Every call centre has its ‘oh no’ moments, when a customer service agent says something insensitive, or gives bad advice.
We polled a number of call centre agents to find out their worst moments.
Matthew Brown takes a light-hearted look at a few classic examples.
1. The accidental ‘oh no’ moment
“I worked for one of the 118 (directory enquiries) numbers. Somebody called asking for a valet service for their car and the nearest one to their location was called ‘The Ultimate Hand Job’. The caller thought I was mocking them and complained about me. I wasn’t disciplined, obviously, but I think they had trouble convincing the customer that it IS a real company.”
An ‘oh no’ moment like this is somewhat unavoidable. It isn’t the agent’s fault that fulfilling the customer’s request involved repeating an innuendo-based company name.
2. Going on hold
“An irate woman rang. She said she’d shoot herself if she got put on hold again. I told her to get the gun ready, and hit ‘hold’.”
Amusing as this may be on paper, it is also slightly disturbing. How was the agent to know that the woman didn’t actually have a gun at the ready? Of course, that is highly unlikely, but not impossible. Agents have no idea of the mental state of their customers. Empathy is an essential for good customer service. Unsurprisingly, the agent behind this story was sacked.
Saying “why did you do that?” to a distressed caller who had tied their dog on a choke chain to a level crossing that had gone up. Poor agent.”
Asking a question like that to someone who has just accidentally hanged their own dog is obviously pointless and insensitive. It probably wasn’t done maliciously. Gaffes like this can be made when agents stick too rigidly to procedures. A bereaved dog owner is one thing. Imagine the offence that could be caused if similar insensitivity was shown in a call relating to a dead or dying person.
4. Failing to mute the call
“A female agent said, when on mute, “Stupid b*tch”. Turns out she wasn’t on mute at all. The complaint call wasn’t easy to deal with!”
Every customer service agent has probably had a customer about whom they shared the sentiments of the agent in this ‘oh no’ moment. It is only human to be annoyed by someone occasionally, but to allow that annoyance to be overheard by the customer – accidentally or otherwise – is highly unprofessional.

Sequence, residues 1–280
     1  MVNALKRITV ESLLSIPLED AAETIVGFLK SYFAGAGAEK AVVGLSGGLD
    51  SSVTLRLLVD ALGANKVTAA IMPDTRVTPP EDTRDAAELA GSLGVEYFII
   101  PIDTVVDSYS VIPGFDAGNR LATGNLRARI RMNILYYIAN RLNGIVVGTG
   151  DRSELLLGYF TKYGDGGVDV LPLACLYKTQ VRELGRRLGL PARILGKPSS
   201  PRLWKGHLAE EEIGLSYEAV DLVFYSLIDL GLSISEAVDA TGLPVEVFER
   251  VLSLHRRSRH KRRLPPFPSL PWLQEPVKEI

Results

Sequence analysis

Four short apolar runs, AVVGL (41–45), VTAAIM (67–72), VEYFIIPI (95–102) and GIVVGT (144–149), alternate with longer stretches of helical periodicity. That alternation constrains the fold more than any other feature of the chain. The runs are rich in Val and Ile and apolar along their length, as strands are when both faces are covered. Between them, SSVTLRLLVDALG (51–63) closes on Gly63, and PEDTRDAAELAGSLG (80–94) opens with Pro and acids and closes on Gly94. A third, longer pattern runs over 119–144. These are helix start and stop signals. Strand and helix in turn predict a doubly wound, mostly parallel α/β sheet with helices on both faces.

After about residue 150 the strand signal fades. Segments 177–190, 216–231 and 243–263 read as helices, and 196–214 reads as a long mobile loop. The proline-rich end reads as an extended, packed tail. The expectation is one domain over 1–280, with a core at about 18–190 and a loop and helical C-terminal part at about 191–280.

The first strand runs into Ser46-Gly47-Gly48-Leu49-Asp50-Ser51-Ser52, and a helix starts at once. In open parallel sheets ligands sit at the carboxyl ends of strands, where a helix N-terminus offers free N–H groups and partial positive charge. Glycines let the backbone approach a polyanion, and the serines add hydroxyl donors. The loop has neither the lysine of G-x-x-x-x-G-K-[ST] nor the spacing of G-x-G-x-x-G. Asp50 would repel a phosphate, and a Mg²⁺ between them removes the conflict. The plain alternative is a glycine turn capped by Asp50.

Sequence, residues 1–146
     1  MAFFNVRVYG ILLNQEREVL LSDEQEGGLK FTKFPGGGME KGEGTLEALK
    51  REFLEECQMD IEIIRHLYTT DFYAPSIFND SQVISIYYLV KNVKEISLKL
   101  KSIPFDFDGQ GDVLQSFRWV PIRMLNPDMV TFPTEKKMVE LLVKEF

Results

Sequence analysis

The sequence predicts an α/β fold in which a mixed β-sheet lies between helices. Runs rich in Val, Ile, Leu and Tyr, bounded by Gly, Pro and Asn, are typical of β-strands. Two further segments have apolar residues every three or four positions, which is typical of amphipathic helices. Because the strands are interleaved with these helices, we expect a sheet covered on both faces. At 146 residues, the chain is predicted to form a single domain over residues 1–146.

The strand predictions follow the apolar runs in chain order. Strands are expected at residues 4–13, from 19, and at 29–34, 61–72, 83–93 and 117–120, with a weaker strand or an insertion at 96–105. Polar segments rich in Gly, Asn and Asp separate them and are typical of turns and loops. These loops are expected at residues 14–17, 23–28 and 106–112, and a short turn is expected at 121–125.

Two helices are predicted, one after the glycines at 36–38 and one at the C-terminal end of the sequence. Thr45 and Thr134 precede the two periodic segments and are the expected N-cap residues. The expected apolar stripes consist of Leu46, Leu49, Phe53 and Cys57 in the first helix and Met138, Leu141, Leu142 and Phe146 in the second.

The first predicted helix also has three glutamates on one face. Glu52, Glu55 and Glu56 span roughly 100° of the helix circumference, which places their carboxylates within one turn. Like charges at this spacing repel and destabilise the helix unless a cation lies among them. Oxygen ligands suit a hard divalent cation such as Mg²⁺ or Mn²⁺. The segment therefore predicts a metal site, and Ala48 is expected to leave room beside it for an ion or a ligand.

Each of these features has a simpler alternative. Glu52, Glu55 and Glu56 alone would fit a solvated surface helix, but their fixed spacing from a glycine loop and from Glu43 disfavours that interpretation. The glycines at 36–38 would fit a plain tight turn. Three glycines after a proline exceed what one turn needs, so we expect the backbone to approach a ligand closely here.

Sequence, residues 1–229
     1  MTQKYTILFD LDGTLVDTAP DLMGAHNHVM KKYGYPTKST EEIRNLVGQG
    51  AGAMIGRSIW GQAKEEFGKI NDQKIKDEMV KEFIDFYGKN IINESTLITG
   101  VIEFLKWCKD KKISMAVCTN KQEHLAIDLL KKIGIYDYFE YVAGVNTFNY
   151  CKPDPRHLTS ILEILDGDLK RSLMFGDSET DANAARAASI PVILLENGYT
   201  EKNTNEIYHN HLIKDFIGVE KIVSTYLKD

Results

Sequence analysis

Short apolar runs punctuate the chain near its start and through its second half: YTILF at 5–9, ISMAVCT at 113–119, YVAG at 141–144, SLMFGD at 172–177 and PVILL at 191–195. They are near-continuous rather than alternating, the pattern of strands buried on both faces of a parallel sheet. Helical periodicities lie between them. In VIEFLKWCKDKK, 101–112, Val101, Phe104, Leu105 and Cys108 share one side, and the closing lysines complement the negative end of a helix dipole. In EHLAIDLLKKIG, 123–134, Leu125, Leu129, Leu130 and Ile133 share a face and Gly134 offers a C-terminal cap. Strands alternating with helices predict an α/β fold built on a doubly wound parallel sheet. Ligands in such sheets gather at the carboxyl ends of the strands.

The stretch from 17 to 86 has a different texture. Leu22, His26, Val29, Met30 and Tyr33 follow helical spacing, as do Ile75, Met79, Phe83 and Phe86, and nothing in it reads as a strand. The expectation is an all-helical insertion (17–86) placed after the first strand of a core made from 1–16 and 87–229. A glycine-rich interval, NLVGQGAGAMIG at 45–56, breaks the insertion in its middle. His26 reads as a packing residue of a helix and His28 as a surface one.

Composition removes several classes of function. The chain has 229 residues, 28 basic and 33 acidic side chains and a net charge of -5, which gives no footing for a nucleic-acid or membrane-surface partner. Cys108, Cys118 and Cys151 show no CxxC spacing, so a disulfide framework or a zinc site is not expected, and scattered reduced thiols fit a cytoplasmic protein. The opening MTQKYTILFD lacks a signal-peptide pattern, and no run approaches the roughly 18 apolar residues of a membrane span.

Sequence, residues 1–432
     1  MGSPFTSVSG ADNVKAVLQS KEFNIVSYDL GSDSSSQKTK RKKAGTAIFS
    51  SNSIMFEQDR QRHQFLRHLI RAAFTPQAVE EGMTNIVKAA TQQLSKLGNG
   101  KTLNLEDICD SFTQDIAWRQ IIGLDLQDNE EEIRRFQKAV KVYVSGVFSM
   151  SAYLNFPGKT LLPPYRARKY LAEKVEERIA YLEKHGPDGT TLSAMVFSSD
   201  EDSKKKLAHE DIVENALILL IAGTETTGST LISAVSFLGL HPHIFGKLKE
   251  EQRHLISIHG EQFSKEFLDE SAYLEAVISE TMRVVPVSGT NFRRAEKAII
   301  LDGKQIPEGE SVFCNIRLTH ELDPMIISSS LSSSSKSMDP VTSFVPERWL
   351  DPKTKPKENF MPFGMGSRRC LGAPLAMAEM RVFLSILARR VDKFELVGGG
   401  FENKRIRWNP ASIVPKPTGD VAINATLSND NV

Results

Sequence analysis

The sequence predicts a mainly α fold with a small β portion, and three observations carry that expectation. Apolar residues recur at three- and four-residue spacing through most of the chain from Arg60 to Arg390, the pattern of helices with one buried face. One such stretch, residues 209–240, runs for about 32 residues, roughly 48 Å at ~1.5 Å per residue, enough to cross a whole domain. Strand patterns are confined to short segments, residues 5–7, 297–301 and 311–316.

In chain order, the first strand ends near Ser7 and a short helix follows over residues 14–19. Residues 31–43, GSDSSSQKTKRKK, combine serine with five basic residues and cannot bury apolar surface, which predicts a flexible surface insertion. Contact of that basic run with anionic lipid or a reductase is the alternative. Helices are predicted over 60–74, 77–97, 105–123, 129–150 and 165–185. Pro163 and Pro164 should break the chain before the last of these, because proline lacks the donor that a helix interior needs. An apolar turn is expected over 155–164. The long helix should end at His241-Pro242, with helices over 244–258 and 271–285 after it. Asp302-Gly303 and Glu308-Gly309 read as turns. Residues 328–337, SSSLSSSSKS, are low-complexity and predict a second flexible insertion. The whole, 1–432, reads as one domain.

5. The wrong surname
Just a few weeks ago Nat West disciplined a call centre employee for laughing at a customer’s name during a call. ‘Oh no’ moments are a headache for call centre managers and supervisors to deal with. But they can also be quite funny.
6. Fobbing off a celebrity
“I had a friend who said something very inappropriate to Timmy Mallet when he worked for Compuserve tech support.”
Unfortunately we don’t know exactly what inappropriate something was said on this occasion, but the moral of the story remains the same. Every customer deserves good service, not agents who go totally bonkers as soon as they realise they are talking to someone famous.
“I wanted to cancel my personal accident insurance. After 20 mins and me saying no to various offers he offered it for 2p per month and then said it would be confirmed never as that deal would never exist. That didn’t encourage me to renew my personal accident cover …but it was quite funny.”
Amateur comedians often end up working in call centres, and with humour like this, it’s easy to see why. As far as ‘oh no’ moments go, it’s not the most offensive, but it is an off-putting trait that may deter customers from calling in future.
8. Bad advice
The call centre industry is rife with examples of agents giving out bad advice, and this video from the USA is a prime example: http://www.youtube.com/watch?v=un6vh9zEXgo
The caller is given contradictory advice throughout, and the agent clearly doesn’t really know what he is talking about. He makes no effort to find out the exact amount of the cancellation fee. Even worse, he gives some absolutely nonsensical information about internet connections being limited in number and issued only on a first-come first-served basis.
9. ‘Oh no’ moments that become ‘oh no’ crimes
One of my co-workers at a directory enquiries call centre got angry at a caller, and made harassing calls to the caller after her shift!
Dealing with an ‘oh no’ moment before it becomes a bigger problem is vital. Ultimately, managers can’t do much to prevent an unhinged agent harassing a caller outside working hours. But perhaps a quick chat with an agent angry after a bad call would defuse the situation before it becomes much worse.
I had a belting experience with a mobile company tech helpdesk. Shocking lies, trying to cover up lack of knowledge. Not good.
This sums up both the problem and its cause. Customers can tell when an agent doesn’t know the real answer. Trying to cover with vague and sometimes ridiculous lies is unacceptable.